father playing blocks with children
Brain development

Brain development in children

Children are born ready to learn. From the moment of conception, brain development begins. Basic brain connections are laid down before birth: these control motor functions. When a baby is born they have over one hundred million brain cells that are not yet connected. The brain undergoes a period of rapid connections from birth until approximately the age of 3.

  • Babies learn using all of their senses – every time they see, touch, smell, taste or hear something babies are learning and brain cells are connecting.
  • Sensory learning is intertwined.
  • Babies actively make sense of information they take in through their senses.
  • From birth babies need stimulation through touch, sound, smell, sight and taste to thrive.
  • Home environments rich in talking, singing, reading and playing is important to healthy brain development.
  • The more we use our brains the more connections are made between the brain cells.
  • Repetition is one of the keys to learning by establishing and maintaining brain connections – this is why young children do the same things over and over again!

Children learn best from you

Healthy brains develop best from healthy relationships. Through "serve and return" interactions with adults such as babbling, facial expressions and body language children learn how to take turns when communicating. You are your child’s favourite person to learn from and learn with. They feel comforted, safe and supported to explore and engage with the world when they are with you.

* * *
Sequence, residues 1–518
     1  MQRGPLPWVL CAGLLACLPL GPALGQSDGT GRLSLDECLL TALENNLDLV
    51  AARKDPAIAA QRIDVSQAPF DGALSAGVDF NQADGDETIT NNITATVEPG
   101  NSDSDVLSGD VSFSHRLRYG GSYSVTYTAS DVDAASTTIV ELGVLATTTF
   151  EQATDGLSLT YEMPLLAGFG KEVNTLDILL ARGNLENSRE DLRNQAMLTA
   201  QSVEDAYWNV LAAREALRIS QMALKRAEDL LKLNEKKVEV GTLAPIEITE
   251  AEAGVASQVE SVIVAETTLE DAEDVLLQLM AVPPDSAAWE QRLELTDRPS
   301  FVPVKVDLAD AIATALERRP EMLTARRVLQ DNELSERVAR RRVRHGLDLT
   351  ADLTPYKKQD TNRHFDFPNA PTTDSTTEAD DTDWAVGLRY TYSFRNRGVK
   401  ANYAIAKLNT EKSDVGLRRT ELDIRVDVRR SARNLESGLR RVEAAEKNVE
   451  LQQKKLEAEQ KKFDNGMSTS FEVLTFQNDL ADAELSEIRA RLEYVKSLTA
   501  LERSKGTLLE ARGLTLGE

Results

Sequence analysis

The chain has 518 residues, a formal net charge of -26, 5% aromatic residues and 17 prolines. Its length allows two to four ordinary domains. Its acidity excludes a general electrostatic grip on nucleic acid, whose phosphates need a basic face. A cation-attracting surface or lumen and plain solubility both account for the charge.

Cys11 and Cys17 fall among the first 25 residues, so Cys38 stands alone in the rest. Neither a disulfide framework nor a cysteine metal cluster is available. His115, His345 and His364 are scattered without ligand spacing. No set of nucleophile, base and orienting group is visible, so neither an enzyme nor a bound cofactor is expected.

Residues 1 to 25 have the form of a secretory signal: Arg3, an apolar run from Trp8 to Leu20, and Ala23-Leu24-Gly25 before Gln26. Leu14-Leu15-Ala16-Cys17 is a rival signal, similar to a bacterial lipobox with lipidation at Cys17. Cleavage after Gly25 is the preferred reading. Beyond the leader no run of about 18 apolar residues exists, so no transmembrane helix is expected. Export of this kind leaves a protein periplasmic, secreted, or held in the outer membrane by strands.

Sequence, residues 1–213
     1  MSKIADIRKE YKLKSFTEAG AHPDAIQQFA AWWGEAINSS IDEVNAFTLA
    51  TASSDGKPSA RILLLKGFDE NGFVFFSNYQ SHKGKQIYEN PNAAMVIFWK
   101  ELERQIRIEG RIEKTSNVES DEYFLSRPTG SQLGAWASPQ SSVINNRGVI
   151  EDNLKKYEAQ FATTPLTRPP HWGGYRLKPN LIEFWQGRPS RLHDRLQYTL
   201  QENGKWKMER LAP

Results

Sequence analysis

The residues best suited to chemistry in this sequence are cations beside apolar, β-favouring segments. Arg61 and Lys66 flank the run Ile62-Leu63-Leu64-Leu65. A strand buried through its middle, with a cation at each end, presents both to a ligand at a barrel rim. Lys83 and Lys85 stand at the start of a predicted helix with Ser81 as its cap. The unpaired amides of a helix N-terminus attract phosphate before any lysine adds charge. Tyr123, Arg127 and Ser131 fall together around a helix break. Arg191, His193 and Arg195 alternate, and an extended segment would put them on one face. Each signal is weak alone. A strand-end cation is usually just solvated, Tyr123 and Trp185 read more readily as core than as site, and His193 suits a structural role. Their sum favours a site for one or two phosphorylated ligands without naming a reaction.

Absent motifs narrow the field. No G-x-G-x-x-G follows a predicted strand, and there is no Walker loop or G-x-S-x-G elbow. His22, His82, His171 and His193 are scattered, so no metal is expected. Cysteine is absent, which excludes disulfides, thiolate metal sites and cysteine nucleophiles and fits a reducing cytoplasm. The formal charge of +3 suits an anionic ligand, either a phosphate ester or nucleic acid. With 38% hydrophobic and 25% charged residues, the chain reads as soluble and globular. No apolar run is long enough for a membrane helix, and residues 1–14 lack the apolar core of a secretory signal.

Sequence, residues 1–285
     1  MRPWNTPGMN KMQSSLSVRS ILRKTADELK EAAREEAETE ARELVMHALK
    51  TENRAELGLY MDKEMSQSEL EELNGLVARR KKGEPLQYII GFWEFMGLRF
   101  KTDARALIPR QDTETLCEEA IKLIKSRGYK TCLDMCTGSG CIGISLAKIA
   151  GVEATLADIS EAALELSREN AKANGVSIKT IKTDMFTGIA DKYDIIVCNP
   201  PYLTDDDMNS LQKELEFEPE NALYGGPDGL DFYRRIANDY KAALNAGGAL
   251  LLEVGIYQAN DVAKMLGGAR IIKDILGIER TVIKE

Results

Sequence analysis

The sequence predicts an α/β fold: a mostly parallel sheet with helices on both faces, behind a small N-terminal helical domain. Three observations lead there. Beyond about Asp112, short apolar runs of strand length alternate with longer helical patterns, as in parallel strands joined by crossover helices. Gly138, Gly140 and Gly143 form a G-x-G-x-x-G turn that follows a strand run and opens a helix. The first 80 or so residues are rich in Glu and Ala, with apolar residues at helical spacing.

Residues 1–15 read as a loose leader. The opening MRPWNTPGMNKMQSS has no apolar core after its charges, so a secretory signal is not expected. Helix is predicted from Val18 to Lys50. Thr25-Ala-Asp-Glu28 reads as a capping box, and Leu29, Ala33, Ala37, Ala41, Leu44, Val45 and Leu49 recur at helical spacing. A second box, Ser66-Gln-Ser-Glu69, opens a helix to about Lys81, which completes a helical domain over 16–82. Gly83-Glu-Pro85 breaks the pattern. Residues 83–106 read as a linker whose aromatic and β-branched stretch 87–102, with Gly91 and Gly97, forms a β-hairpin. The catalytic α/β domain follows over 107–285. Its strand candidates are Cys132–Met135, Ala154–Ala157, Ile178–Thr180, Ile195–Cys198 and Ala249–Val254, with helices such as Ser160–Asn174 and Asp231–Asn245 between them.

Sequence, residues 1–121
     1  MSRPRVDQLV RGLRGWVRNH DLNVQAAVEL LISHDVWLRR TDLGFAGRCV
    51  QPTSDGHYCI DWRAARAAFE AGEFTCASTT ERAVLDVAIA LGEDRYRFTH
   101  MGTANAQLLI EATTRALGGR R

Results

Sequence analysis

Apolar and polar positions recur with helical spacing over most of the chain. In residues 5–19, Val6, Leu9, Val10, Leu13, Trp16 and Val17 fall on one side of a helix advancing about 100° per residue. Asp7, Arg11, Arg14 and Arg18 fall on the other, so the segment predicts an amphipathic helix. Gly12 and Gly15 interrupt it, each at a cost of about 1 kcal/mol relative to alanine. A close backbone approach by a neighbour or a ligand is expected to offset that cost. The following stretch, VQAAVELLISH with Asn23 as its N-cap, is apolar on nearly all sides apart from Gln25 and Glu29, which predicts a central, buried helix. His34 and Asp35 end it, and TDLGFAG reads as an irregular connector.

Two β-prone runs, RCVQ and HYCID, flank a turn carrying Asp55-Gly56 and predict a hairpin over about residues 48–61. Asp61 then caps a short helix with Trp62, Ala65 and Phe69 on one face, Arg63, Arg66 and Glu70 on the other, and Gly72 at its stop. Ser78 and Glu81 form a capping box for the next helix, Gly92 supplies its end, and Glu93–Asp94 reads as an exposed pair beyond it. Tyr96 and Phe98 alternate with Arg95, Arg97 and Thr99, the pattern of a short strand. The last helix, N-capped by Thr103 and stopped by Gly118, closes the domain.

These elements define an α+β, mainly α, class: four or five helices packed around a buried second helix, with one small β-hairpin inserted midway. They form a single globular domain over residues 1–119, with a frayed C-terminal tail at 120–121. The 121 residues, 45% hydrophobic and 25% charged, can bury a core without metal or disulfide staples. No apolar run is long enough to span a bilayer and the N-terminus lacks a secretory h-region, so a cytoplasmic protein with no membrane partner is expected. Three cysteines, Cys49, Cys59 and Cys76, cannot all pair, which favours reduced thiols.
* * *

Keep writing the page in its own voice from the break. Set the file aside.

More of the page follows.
• Every conversation and interaction you have with your child is contributing to their early development.
  • Early literacy skills are developed during every day conversations.
  • Sharing books, even with very young babies is developing their vocabulary.
  • When you extend a conversation by asking your child questions and responding to their answers(even if they are non-verbal responses) increases your child’s understanding of how to communicate.
  • Singing with your child helps to slow words down so that they can hear all the smaller sounds that make up words.
  • Naming and talking about things that you see and are doing helps your child to connect to and understand the world around them.
  • Young children learn how to respond to others by watching and then copying you.

Learning and development is cumulative. All the things that happen in the earliest years lay the foundation for everything that happens later in life. Enjoy talking, singing, reading and playing with your little ones everyday as all of this helps their brains grow and develop.

References

Gunnar, M (2014) The Core Story of Human Development 2.0, Centre for Early Education and Development, University of Minnesota, Minnesota

Winter, P (2010) Engaging Families in the Early Childhood Development Story, Early Childhood Services, Department of Education and Children’s Services, South Australia

Greenberg, J & Weitzman, E (2014) I’m Ready! How To Prepare Your Child For Reading Success, Hanen Centre Publication, Toronto